California recruiting coordinator Dan Hubbs said he agreed that the solid players who are not stars will now be left out in the cold. In the past, those players would often get a chance to play at the schools they wanted on a book scholarship, but now schools will be hesitant to offer them a 25 percent scholarship until very late in the recruiting process. Oregon State recruiting coordinator Marty Lees added that the roster cap will also take away opportunities for walk-ons.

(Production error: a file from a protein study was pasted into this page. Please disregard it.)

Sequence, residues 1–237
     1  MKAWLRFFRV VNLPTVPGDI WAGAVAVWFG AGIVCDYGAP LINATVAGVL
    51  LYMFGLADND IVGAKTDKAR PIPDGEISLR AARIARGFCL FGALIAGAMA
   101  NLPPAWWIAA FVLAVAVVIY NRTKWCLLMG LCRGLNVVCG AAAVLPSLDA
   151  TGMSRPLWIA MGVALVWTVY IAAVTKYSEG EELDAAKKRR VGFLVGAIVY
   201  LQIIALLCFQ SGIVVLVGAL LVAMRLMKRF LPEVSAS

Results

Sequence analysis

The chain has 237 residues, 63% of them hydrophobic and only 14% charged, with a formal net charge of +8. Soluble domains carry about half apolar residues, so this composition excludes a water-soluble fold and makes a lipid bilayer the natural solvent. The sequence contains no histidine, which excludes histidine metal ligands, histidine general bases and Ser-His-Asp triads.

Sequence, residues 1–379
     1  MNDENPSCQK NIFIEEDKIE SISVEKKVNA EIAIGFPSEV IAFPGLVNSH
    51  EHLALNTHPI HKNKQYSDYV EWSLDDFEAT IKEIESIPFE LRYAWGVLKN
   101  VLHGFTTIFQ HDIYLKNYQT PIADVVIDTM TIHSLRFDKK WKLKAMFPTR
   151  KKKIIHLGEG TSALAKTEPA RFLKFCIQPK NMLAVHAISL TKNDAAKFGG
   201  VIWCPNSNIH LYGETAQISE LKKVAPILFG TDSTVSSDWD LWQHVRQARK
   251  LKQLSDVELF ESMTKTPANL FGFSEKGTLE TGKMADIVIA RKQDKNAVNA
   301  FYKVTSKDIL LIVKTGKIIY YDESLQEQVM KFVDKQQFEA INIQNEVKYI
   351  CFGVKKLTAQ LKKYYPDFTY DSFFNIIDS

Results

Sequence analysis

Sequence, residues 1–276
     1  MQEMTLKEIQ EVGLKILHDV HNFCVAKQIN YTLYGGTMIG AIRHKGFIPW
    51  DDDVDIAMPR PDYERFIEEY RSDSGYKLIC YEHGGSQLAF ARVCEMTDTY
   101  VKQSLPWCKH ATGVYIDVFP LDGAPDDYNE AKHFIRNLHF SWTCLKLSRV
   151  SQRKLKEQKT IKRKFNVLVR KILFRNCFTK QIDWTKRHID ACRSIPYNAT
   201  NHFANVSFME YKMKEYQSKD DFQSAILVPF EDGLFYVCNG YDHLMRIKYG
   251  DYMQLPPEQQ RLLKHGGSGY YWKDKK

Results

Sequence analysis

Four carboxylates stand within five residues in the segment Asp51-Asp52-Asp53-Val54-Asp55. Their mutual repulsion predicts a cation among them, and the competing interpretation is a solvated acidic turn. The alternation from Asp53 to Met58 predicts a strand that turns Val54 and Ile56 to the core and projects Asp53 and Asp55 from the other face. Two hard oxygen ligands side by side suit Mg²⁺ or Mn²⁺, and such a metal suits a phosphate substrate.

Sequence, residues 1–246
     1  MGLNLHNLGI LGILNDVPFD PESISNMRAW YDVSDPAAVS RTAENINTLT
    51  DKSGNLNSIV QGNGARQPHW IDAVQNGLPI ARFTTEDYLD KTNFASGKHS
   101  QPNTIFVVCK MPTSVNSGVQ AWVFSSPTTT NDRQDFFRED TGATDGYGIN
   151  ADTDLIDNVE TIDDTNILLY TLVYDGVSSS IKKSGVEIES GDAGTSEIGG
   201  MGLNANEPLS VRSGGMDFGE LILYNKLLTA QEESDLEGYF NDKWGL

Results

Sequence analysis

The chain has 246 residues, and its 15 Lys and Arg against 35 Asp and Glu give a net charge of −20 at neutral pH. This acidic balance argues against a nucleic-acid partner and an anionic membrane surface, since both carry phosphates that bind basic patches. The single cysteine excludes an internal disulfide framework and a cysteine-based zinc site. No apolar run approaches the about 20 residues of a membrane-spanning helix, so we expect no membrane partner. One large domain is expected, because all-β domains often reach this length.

"It will force some teams to make some decisions," Lees said. "Guys like Chris Kunda, Brian Barden—those guys were walk-ons here. The state of Oregon doesn't have 20 D-I baseball players every year, so the money it takes for in-state tuition versus out-of-state, you've got to be right, because kids can't transfer. People will be doing their homework now a little better."
That might be a positive impact of the legislation—as Florida coach Kevin O'Sullivan said, teams will no longer be able to recruit everybody they want and instead will have to focus on their needs. That, in turn, will assure players a better shot at playing time, which is one of the primary goals of the roster cap.
But forcing coaches to wriggle when building their rosters has plenty of negative ramifications, paricularly for underprivileged players.